The Senate Finance and Governance Committee today rejected Senate Bill 1319 on a party-line vote by Senator Patricia Bates (R-Laguna Niguel) that would have corrected an outdated interpretation of property “change of ownership” that has been part of the long running debate around commercial property and Proposition 13 (the 1978 initiative that limited property tax increases).
“California faces a $54 billion budget deficit and local governments are pleading for additional revenue to help fund essential services,” said Senator Bates. “The committee’s rejection of my bill that could have generated $269 million in new tax revenue – without raising taxes – is misguided. This is yet another case of politics prevailing over common sense.”
SB 1319 would have required the reassessment of any property or single transaction if 90 percent of the ownership interest changes hands within any three-year period. The bill would have prevented a repeat of examples similar to the 2006 purchase of Santa Monica’s Miramar Hotel where the purchaser realized he could structure the transaction without any one entity owning a 50 percent majority share in the property.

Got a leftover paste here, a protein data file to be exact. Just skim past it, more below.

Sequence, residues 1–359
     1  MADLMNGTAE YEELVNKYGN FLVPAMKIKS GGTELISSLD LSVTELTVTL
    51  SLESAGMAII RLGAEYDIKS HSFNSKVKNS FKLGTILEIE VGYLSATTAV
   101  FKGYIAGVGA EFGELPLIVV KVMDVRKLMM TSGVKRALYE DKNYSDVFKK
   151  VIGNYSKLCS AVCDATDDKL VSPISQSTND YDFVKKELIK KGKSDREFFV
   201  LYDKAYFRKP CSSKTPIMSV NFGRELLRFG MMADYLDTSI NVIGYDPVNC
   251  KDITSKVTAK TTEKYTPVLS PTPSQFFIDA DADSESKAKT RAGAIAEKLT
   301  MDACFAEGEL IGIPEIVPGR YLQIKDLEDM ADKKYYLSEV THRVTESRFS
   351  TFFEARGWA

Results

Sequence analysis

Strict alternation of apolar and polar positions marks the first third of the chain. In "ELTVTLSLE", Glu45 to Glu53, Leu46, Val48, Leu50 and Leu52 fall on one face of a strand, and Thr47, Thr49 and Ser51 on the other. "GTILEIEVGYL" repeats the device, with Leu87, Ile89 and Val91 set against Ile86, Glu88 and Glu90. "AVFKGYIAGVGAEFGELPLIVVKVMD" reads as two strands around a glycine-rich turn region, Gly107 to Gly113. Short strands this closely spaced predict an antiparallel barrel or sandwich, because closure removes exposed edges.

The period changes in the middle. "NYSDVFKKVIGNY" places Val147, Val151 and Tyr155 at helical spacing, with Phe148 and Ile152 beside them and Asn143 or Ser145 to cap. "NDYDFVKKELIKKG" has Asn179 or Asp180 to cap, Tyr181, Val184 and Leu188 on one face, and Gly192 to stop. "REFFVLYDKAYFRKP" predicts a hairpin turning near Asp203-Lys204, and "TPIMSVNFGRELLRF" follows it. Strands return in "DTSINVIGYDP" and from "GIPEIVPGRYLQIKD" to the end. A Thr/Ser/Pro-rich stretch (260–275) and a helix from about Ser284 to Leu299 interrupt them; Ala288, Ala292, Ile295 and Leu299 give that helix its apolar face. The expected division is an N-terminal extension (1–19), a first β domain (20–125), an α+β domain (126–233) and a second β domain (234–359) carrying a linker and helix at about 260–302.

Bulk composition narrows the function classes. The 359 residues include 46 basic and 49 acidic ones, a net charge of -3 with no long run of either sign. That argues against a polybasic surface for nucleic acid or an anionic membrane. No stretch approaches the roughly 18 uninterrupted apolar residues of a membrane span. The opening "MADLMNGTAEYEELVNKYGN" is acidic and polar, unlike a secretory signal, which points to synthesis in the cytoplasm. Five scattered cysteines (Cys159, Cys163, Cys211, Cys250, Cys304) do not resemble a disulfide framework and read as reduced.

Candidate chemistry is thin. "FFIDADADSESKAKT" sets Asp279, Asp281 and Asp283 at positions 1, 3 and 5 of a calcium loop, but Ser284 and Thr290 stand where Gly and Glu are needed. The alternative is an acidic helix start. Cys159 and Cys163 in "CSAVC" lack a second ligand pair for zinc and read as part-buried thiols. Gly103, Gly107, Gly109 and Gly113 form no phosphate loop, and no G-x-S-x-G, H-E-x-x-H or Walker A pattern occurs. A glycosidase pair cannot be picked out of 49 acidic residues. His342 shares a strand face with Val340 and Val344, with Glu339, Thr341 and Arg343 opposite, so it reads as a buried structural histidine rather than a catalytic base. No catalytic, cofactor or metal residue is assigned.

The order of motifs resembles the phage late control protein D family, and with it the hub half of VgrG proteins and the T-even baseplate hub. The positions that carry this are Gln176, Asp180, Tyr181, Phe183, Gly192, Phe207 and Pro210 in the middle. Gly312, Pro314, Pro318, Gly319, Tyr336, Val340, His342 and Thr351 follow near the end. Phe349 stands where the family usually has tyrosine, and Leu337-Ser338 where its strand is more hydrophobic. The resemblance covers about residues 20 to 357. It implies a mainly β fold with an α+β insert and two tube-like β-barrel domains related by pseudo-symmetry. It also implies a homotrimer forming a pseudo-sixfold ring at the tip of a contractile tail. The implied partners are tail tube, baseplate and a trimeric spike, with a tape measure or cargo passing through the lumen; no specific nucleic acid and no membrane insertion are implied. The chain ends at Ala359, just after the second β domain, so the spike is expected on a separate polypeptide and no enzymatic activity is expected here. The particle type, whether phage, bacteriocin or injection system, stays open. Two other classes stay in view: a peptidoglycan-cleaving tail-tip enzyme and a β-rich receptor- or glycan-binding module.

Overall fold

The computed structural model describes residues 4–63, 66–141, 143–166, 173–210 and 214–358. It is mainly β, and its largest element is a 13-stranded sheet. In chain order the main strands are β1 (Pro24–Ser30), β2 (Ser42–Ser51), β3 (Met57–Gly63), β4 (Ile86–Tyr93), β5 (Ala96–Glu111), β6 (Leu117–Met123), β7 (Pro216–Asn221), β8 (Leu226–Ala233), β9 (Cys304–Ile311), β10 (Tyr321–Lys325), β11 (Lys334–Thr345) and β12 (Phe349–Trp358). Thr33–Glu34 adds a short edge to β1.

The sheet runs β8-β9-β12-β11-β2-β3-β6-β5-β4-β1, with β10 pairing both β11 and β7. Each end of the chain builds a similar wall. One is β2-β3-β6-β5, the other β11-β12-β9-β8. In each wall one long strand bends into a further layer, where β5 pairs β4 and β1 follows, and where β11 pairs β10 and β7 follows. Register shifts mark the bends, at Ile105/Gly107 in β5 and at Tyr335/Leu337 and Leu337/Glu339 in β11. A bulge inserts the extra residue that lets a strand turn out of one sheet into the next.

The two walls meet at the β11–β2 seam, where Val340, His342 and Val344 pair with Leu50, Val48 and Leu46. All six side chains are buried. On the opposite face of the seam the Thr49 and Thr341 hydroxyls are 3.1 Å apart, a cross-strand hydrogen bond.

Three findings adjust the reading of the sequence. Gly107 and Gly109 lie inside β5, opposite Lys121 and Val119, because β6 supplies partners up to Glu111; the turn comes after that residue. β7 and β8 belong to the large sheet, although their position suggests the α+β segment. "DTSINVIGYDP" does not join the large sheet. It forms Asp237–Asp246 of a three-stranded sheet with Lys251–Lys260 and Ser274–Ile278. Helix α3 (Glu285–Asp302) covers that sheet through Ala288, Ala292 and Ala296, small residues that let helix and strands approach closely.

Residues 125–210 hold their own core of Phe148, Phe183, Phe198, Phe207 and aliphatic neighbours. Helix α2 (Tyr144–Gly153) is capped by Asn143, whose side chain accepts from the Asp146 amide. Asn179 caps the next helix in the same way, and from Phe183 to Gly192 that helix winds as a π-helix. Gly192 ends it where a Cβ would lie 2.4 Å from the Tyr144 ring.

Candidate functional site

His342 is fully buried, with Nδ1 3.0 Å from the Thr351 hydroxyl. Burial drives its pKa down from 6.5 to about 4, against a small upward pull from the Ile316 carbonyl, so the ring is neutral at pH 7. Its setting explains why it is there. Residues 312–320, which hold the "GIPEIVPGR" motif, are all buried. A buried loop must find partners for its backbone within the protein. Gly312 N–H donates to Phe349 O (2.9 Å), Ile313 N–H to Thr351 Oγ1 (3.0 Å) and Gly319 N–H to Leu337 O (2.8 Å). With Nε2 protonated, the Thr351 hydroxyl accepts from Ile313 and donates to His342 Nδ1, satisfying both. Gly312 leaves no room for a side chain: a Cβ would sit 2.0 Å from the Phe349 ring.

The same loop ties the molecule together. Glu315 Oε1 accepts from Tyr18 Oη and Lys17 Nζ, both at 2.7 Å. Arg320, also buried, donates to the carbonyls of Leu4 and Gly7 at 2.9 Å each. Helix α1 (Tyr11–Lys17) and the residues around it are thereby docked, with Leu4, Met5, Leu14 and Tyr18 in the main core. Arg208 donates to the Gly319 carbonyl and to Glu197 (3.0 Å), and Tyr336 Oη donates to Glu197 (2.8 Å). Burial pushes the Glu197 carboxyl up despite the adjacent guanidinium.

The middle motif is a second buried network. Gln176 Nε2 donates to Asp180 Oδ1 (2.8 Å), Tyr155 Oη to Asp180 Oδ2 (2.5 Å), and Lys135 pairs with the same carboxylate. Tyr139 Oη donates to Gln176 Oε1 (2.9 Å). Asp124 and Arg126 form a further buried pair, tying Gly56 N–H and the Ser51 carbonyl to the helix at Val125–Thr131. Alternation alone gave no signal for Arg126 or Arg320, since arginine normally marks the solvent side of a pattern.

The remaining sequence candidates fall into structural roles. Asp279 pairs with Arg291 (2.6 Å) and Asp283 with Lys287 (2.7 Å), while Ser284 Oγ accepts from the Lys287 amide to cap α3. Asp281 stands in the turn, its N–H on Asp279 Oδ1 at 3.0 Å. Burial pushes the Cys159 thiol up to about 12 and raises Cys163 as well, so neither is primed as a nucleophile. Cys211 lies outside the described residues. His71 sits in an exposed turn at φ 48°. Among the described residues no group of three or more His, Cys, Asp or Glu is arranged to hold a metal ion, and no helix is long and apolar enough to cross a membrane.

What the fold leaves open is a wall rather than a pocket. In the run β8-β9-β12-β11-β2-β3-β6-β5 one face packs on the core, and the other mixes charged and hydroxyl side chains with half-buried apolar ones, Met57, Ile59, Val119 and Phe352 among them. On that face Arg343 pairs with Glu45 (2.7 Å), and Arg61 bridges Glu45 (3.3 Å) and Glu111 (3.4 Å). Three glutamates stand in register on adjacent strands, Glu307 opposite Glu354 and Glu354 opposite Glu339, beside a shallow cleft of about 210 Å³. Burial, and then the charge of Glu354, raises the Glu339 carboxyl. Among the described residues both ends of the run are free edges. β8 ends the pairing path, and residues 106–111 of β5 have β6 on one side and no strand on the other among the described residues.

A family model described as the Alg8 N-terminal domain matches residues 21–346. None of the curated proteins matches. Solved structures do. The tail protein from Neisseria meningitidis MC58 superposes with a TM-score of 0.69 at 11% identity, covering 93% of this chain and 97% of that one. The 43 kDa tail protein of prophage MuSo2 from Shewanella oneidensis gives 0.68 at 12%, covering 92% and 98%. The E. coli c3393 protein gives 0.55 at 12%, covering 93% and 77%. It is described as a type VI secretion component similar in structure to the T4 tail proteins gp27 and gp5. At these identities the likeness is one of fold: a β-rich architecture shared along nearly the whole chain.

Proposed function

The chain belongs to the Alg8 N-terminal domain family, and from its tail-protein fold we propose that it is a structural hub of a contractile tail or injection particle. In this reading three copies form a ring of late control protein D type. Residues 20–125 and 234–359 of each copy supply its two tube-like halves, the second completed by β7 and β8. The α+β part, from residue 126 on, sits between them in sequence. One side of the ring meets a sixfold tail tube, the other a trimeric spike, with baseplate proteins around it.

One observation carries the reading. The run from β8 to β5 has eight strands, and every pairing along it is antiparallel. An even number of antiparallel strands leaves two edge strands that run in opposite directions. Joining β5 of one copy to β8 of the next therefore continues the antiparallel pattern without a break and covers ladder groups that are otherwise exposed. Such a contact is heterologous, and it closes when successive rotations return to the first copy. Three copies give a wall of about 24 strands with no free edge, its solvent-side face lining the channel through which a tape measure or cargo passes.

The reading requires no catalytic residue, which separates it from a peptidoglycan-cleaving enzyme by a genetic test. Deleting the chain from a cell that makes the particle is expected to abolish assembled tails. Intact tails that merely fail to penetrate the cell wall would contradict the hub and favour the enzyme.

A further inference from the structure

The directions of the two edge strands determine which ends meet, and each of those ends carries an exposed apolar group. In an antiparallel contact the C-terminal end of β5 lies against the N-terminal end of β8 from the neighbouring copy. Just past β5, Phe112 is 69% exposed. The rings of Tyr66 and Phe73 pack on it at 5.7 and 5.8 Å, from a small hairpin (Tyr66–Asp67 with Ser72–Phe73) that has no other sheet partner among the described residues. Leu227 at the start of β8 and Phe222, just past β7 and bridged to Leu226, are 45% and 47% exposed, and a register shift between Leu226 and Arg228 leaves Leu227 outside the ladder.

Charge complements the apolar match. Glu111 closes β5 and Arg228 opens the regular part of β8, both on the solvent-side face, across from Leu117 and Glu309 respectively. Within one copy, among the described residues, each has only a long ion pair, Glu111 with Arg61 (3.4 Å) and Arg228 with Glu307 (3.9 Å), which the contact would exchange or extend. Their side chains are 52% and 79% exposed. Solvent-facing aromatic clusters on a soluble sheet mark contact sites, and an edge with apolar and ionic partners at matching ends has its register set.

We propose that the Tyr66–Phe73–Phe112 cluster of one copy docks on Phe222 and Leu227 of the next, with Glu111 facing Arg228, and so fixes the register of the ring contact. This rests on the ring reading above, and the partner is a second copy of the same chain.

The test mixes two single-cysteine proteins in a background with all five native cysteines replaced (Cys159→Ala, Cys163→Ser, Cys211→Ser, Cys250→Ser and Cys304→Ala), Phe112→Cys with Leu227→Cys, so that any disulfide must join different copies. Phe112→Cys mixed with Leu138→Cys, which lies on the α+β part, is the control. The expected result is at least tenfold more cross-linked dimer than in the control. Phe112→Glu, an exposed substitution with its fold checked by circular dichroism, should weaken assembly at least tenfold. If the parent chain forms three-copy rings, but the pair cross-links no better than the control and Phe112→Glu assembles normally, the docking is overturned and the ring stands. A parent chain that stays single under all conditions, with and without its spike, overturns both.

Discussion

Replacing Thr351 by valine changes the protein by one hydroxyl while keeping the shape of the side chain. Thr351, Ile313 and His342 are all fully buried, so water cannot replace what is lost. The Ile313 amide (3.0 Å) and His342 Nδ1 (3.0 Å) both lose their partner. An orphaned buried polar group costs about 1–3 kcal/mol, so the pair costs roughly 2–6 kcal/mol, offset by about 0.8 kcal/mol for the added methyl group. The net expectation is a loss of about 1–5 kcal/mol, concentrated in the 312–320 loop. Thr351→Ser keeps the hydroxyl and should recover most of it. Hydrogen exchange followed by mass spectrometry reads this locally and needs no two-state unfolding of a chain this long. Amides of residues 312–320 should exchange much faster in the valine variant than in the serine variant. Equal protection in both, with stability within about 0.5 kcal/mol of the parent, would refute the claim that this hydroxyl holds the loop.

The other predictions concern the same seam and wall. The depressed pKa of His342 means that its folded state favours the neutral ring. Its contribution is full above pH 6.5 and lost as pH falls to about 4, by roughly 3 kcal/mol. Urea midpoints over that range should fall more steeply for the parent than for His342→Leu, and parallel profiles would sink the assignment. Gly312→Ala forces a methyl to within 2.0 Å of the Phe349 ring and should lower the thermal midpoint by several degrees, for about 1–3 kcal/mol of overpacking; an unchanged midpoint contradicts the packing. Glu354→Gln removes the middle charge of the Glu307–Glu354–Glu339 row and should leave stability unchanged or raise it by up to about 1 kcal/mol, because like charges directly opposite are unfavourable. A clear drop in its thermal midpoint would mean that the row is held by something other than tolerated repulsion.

Despite the fact that 100 percent of the hotel’s ownership changed hands, reassessment of the property did not occur, resulting in a tax loss to Los Angeles County of over $1 million annually. Had SB 1319 been in effect in 2006, Los Angeles County would have reassessed the Miramar Hotel.
SB 1319 would have also increased the penalty for failure to file a “change in ownership” statement, from 10 to 15 percent of the taxes applicable to the new base year value (or old base year value, if there is no change in ownership). The bill would have required the California Board of Equalization (BOE) to notify assessors if a legal entity change in ownership occurs and to submit a report to the Legislature by January 1, 2023, regarding the bill’s economic impact and frequency of assessment.
As the COVID-19 pandemic unfolded, senators were asked by Senate President pro Tem Toni Atkins to scale down their legislative packages and prioritize. Senator Bates has delayed consideration of several of her legislative proposals until next year. She prioritized SB 1319 to help California generate tax revenue without raising taxes on families or businesses.
Democratic-controlled legislative committees have also killed bills similar to SB 1319 – SB 259 (Bates) in 2015 and SB 1237 (Bates) in 2018. The BOE estimated that SB 1237 could have generated $269 million annually in new tax revenue.
SB 1319 is also similar to a 2014 bill authored by former Democratic Assembly Members Tom Ammiano and Raul Bocanegra. Their bill, AB 2372 (2014), cleared the Assembly with bipartisan support, only to die in the Senate.
This article was released by the Office of Senator Patricia Bates.